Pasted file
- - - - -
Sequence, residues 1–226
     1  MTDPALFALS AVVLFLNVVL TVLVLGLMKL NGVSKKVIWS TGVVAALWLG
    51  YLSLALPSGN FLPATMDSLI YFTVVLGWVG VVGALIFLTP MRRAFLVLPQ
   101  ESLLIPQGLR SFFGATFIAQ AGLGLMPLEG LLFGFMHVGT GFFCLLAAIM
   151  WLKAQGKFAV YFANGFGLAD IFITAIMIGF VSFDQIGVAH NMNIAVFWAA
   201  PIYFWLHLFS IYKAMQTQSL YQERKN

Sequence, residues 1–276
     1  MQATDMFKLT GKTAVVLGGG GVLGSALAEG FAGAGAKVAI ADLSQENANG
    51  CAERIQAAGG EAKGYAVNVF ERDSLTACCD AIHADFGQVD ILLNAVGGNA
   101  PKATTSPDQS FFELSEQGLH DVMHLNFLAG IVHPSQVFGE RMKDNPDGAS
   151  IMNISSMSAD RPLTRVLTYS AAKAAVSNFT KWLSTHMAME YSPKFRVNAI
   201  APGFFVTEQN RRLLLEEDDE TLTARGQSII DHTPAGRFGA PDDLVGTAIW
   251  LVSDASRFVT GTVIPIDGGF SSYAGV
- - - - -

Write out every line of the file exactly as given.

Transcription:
Sequence, residues 1–226
     1  MTDPALFALS AVVLFLNVVL TVLVLGLMKL NGVSKKVIWS TGVVAALWLG
    51  YLSLALPSGN FLPATMDSLI YFTVVLGWVG VVGALIFLTP MRRAFLVLPQ
   101  ESLLIPQGLR SFFGATFIAQ AGLGLMPLEG LLFGFMHVGT GFFCLLAAIM
   151  WLKAQGKFAV YFANGFGLAD IFITAIMIGF VSFDQIGVAH NMNIAVFWAA
   201  PIYFWLHLFS IYKAMQTQSL YQERKN

Sequence, residues 1–276
     1  MQATDMFKLT GKTAVVLGGG GVLGSALAEG FAGAGAKVAI ADLSQENANG
    51  CAERIQAAGG EAKGYAVNVF ERDSLTACCD AIHADFGQVD ILLNAVGGNA
   101  PKATTSPDQS FFELSEQGLH DVMHLNFLAG IVHPSQVFGE RMKDNPDGAS
   151  IMNISSMSAD RPLTRVLTYS AAKAAVSNFT KWLSTHMAME YSPKFRVNAI
   201  APGFFVTEQN RRLLLEEDDE TLTARGQSII DHTPAGRFGA PDDLVGTAIW
   251  LVSDASRFVT GTVIPIDGGF SSYAGV